The fire razing their longhouse in 1981 was a dark moment for the residents of Kampung Sebandi Hulu, Lundu.
Having resided in Kampung Sebandi Hulu since the 1950s, Manyi Anak Ganya said that it was not the first time she experiences fire in her longhouse.
When she was little, she moved from her first longhouse in Lubok Antu to Kampung Sebandi Hulu when her longhouse was razed with fire.
“It took us several years to completely building a new one her at Kampung Sebandi Hulu,” she said.
Eighty-year-old Manyi is a mother of two daughters and two sons.
Having successfully raised her children where they grew up with their own career and families, she now lives alone at the village as all her children has migrated to other places such as Peninsular Malaysia and the cities within the State to work and live with their own family.
While one might expect her to feel lonely, Manyi is living an active yet peaceful life at kampung Sebandi Hulu.
Manyi is also an active member of the Village Development and Security Committee (JKKK) of Rumah Panjai Sebandi Hulu.
If she is not involved in organising events and activities with the JKKK of the village, she will spend her days weaving mats at her home.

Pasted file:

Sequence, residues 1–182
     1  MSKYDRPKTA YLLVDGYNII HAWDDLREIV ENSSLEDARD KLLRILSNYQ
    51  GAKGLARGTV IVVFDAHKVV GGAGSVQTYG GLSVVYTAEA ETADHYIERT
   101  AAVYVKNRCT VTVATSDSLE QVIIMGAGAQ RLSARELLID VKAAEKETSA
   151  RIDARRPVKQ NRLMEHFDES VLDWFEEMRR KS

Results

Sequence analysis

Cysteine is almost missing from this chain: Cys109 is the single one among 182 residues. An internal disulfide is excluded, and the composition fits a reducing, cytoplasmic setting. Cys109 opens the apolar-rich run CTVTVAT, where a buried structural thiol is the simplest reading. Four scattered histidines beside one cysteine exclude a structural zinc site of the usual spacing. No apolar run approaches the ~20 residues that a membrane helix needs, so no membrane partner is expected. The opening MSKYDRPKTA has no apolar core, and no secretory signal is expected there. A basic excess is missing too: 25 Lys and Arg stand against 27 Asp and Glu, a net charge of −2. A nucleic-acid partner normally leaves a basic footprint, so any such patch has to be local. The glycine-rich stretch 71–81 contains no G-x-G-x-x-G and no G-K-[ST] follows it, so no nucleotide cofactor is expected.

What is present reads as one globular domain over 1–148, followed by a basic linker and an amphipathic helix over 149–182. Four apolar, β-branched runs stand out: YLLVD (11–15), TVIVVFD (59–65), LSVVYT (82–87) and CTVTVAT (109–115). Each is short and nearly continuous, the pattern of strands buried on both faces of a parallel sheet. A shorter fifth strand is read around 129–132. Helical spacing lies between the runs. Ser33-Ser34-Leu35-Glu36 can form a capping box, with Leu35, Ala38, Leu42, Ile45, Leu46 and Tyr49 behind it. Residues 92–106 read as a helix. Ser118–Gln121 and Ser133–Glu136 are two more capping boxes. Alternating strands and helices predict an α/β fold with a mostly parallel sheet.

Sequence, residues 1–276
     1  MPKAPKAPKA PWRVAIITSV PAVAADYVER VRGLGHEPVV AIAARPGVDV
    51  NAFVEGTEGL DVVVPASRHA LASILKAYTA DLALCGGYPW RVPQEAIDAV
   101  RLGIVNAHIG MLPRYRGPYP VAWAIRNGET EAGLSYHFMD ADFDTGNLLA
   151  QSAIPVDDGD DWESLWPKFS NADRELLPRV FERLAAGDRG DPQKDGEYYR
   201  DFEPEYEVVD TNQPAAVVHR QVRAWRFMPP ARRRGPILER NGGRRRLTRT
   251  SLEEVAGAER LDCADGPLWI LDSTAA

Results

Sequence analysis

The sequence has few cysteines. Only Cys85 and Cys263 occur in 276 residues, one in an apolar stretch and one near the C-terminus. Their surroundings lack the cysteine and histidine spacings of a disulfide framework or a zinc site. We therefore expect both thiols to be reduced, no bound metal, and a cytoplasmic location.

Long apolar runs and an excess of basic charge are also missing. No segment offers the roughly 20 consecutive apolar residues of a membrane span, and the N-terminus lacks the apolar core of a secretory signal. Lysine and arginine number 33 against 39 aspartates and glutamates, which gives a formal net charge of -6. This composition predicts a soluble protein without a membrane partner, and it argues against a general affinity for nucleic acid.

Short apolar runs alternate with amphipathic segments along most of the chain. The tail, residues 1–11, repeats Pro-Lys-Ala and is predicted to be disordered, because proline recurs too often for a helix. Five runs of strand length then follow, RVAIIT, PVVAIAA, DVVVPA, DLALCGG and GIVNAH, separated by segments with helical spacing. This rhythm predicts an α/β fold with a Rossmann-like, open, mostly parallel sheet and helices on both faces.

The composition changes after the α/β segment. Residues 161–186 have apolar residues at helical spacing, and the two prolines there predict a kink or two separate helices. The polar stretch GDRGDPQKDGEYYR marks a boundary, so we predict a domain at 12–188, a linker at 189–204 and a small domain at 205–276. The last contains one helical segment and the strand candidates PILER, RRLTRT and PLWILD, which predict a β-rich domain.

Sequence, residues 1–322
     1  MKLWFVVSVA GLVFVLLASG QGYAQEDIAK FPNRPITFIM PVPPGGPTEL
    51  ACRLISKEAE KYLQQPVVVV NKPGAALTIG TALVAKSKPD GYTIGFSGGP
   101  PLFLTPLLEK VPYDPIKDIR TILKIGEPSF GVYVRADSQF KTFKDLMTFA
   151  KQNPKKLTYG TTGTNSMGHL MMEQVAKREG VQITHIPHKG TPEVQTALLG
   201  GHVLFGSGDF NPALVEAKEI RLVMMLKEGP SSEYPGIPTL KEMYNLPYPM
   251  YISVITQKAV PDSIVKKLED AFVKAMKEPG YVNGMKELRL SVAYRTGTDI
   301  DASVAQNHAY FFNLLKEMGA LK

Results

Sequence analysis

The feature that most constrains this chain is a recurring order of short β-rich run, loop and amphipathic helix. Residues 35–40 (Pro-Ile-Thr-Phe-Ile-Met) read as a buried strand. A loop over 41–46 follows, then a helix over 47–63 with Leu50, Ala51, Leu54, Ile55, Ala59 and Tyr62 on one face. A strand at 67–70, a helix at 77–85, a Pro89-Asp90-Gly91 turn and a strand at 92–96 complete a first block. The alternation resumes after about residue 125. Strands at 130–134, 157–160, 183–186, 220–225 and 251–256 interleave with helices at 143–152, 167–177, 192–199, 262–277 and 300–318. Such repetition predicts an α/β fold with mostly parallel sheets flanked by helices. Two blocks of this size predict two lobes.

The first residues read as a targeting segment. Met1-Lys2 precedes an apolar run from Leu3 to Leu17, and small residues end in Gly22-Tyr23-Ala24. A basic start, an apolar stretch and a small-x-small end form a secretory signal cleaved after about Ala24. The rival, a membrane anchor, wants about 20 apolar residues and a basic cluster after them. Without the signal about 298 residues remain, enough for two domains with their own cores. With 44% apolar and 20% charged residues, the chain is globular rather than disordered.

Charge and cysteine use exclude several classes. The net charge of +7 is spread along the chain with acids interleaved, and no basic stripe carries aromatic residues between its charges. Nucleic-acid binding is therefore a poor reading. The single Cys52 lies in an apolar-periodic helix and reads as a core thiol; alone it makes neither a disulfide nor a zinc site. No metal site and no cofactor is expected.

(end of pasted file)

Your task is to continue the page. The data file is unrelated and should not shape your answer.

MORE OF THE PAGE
“I will usually sell my mats to visitors from Telok Melano,” she said adding that her mat can cost up to RM200 to RM330 depending on the size,”
When asked how she usually gets her customers from, Manyi said that her customers will know her typically through words of mouth.
According to Manyi, she can spend about a week finishing a small size mats made from either bemban or plastic.
For a bigger size, it will usually take her approximately two weeks to complete.
Having learn the art of weaving from her mother and grandmother, she said that she also taught her daughters how to weave and hope they can pass it on to keep the tradition alive.
Apart from Manyi, another member of the JKKK, Mampak Anak Law is also a weaver, but specialising in making traditional Iban costume.
According to her, most of the women in Kampung Sebandi Hulu do produce handmade handicrafts, there are mainly for self-use.
“The women here would love to sell their products but unfortunately they are unsure on how to do it,” she said.
As a weaver herself, Mampak specialise more on making traditional Iban costumes with her sister where she manages to sell her products to customers.
She would sometimes join the Lundu Festival or Benak Festival as one of the vendors to sell her products.
Soon, she hopes that she can empower the women in getting involved in entrepreneurism by selling their products to generate extra incomes as most of them are housewives.
Apart from that, she also added that as the women’s bureau is recently created, apart from hoping more women to join it, she also hopes that they can receive guidance from any experienced relevant authorities on how to operate and manage in advocating the welfare of the women in Kampung Sebandi Hulu.